be considered in community-acquired cases of severe C. difficilenegative AAD.
PARASITES
Giardia intestinalis (also called Giardia lamblia). Giardia is the
most commonly isolated intestinal parasite in developed countries [28].
It is prevalent throughout the world and is transmitted person-toperson or via contaminated water. Ingested cysts, which are resistant
to chlorine and gastric acid, become trophozoites in the small intestine and attach to the mucosa. Genotype appears a predictor of disease
severity [29, 30]. Symptoms range from asymptomatic carriage to
severe cramps, bloating and gas, nausea, vomiting, and malabsorption
resulting in explosive fatty diarrhea. Chronic infection can occur in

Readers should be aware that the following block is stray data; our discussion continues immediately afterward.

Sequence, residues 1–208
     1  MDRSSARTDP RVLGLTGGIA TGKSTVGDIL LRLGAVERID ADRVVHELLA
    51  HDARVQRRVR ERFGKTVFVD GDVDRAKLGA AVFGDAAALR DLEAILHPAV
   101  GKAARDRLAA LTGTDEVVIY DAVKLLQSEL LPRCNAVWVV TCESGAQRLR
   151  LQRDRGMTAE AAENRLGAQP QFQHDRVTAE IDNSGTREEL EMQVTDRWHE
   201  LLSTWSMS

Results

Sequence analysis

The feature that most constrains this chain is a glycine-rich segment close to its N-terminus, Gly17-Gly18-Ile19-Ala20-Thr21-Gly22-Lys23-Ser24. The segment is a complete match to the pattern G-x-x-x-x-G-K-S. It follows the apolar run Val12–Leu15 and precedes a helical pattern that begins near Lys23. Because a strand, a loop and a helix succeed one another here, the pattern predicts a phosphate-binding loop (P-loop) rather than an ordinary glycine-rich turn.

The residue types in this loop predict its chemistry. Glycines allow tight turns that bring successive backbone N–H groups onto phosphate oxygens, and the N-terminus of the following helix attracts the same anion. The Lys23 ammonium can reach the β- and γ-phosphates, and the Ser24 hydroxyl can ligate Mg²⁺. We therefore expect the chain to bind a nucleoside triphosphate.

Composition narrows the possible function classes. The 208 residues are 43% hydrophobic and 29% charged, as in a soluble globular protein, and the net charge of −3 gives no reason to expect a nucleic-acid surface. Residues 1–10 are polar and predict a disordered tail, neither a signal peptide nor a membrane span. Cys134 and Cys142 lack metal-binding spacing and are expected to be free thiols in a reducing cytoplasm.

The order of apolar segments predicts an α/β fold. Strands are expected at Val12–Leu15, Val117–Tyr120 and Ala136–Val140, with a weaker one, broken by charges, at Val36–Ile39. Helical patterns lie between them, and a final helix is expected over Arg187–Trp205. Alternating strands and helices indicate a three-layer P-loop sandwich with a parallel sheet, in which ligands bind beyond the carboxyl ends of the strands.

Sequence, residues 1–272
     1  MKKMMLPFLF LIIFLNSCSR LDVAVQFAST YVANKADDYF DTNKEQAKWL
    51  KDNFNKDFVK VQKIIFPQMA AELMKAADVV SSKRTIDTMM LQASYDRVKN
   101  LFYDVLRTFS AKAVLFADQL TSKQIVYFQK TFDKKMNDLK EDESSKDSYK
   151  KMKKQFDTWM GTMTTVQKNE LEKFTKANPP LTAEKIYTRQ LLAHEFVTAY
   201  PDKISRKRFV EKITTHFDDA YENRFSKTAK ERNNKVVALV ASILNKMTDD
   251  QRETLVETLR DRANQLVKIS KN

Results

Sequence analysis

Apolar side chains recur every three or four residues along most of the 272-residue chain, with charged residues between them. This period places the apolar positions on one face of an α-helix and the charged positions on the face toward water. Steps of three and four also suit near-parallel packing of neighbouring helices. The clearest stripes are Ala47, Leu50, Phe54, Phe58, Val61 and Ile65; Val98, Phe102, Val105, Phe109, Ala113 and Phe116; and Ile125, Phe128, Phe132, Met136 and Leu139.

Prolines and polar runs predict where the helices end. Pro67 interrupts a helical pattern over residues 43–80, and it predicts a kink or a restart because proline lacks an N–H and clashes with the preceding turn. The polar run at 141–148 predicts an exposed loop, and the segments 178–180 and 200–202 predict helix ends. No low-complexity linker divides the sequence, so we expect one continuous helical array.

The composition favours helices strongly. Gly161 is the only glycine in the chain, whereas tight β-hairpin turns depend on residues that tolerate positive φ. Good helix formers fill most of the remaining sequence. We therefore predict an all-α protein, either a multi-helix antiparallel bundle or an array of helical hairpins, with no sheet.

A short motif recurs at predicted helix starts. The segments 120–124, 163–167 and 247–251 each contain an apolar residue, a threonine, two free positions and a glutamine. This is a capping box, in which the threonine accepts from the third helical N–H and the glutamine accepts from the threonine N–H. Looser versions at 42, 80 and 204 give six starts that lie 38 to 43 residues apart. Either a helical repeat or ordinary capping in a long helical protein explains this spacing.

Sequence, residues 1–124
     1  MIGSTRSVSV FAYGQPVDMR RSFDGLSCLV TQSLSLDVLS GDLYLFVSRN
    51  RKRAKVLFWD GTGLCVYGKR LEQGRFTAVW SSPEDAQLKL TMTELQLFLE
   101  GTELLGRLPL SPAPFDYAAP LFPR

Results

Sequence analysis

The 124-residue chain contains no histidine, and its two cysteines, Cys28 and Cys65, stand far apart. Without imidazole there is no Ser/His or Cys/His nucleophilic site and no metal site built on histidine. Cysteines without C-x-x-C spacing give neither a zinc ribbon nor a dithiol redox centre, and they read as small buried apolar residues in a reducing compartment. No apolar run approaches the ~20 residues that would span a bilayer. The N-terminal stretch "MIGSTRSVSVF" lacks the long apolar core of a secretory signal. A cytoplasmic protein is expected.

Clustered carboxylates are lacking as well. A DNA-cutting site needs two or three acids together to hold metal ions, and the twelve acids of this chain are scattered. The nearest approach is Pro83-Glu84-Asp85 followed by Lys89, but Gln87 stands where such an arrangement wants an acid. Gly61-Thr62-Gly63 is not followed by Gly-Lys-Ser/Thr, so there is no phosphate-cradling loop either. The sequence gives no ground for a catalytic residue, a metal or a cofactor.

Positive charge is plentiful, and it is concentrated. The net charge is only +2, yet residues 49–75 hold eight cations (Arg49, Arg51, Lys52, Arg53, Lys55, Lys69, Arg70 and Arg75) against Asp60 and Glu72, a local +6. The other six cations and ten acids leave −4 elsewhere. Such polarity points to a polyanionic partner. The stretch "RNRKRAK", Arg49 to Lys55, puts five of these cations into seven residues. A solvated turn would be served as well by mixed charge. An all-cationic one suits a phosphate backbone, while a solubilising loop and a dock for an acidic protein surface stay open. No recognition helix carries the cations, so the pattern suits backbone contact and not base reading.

immunocompetent patients as well as in those with hypogammaglobulinemia, especially IgA deficiency. Diagnosis is based on the detection
of cysts in stool. Since cyst excretion is intermittent, three stools over
6 days are necessary; one stool has a yield of 50–70% and three
stools have a yield of 90%. The Giardia stool antigen EIA is excellent, with a sensitivity of 95% and a specificity of 100%. Duodenal
aspiration of trophozoites is also possible. In the USA, the principal treatment is metronidazole. Alternatives include nitazoxanide and
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tinidazole. Approximately 10–20% of patients will relapse and require
retreatment [31].
Cryptosporidiosis. Cryptosporidium was recognized as a pathogen
in humans in 1976 when case reports documented it to cause severe
diarrhea in immunosuppressed patients. Although the organism primarily infects immunocompromised hosts, it can also infect normal